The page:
Navigating mental healthcare can be a difficult and confusing process. In our semi-monthly column, we take your questions for a psychiatrist and ask the professionals on your behalf.
Please note that this article is for educational purposes only. The following does not constitute official medical advice, and no treatment relationship has been established. You should consult your own doctors to best understand the needs of your unique situation. If you or someone you know is in crisis, please visit the nearest emergency room or call the National Suicide Prevention Hotline at 1-800-273-TALK(8255), which is a 24/7 toll-free number. For non-crisis situations and non-U.S. resources, check out the resources on our Find Support page.
This month's question:
When should I seek professional help?
Dr. Wang says:
Presence of certain psychiatric symptoms always warrants a consultation. These include, but are not limited to, suicidal thoughts, hallucinations (i.e., hearing voices that others don’t hear), paranoia (feeling that others are out to get you), and severe anxiety that culminates in recurrent panic attacks. But short of these symptoms, how do you know if that sadness or anxiety you feel is a normal human emotion, or a pathological state that requires professional help?
To decide whether or not to seek professional help, I suggest that you consider how these feelings have affected your body, your performance at work or school, and your relationships. If any one of these areas is affected significantly for a consistent period of time (this is arbitrary, but > 2 weeks is an often used cutoff), then consider seeing a professional for further evaluation and treatment.
Let’s talk about these 3 areas in more detail:
Body: Have you been struggling with insomnia or hypersomnia? Have you noticed a change in your appetite or weight? Are you experiencing shortness of breath or chest pressure? These and other common symptoms--headaches, fatigue, stomach pain, palpitations, change in sex drive, etc.--often accompany depression and anxiety. It's not uncommon for emotional suffering to manifest itself as various physical symptoms. Also, people struggling with emotional distress are often more prone to infections due to compromised immunity. Patients who seek psychiatric help often do so when physical exams and diagnostic procedures show nothing unusual.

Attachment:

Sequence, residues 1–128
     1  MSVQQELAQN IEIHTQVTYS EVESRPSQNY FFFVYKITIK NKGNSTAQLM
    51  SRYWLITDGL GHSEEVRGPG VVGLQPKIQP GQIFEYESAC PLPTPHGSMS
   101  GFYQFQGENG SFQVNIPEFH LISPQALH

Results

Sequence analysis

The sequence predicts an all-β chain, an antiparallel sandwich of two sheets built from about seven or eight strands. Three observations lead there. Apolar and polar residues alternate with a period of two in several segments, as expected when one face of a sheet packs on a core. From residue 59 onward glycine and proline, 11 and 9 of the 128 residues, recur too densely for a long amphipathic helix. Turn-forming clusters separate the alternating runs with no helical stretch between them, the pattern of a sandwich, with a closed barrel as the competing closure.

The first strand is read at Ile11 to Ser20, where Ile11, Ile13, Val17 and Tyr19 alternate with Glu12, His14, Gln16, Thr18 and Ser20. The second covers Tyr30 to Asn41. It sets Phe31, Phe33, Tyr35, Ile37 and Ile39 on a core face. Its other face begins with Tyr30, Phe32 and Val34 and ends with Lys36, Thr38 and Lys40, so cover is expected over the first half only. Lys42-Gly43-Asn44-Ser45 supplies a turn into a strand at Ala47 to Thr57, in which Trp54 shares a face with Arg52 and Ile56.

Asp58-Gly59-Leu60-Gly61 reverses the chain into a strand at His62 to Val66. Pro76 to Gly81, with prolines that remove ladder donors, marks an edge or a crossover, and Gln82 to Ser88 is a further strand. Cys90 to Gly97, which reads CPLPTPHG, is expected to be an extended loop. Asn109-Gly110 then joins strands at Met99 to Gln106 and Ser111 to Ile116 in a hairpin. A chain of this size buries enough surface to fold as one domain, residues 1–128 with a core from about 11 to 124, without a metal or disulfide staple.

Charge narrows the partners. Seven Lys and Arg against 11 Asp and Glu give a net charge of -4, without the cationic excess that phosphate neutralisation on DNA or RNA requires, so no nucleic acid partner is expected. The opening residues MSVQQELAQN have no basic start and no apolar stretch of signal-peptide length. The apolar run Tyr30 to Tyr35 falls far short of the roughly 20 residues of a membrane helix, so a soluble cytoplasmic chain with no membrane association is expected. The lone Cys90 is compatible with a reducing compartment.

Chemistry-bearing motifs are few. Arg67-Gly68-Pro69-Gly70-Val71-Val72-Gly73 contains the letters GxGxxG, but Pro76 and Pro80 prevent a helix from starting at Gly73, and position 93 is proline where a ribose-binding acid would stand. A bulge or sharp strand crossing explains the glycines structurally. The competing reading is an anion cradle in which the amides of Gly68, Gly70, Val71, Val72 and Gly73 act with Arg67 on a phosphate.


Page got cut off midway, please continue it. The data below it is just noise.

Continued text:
Work: Has your work or school performance consistently suffered? Are you failing to meet deadlines? Are you losing motivation and struggling to get started on projects that you previously would have been excited about? Are your grades falling?
Relationships: Are you isolating yourself from your friends and family? Are you losing interest in maintaining friendships or romantic relationships? Are your friends and family telling you that you have changed and seem worried about you?
If you find yourself nodding at some or most of the questions listed above, it is a sign that your emotional struggles have affected your functionality and warrant professional consultation.
Seeing a mental health professional for the first time may be an anxiety-provoking experience, but postponing needed treatment can lead to a longer course of illness and worse outcomes. In fact, I suggest the following litmus test: if you find yourself repeatedly wondering whether to consult a mental health professional, then you probably should.
ABOUT DR. WANG
Dr. Ying Wang is a psychiatrist in Pennsylvania, USA. She received her medical degree from Yale University School of Medicine and completed her residency at Harvard Medical School’s Massachusetts General Hospital/McLean Hospital adult psychiatry program.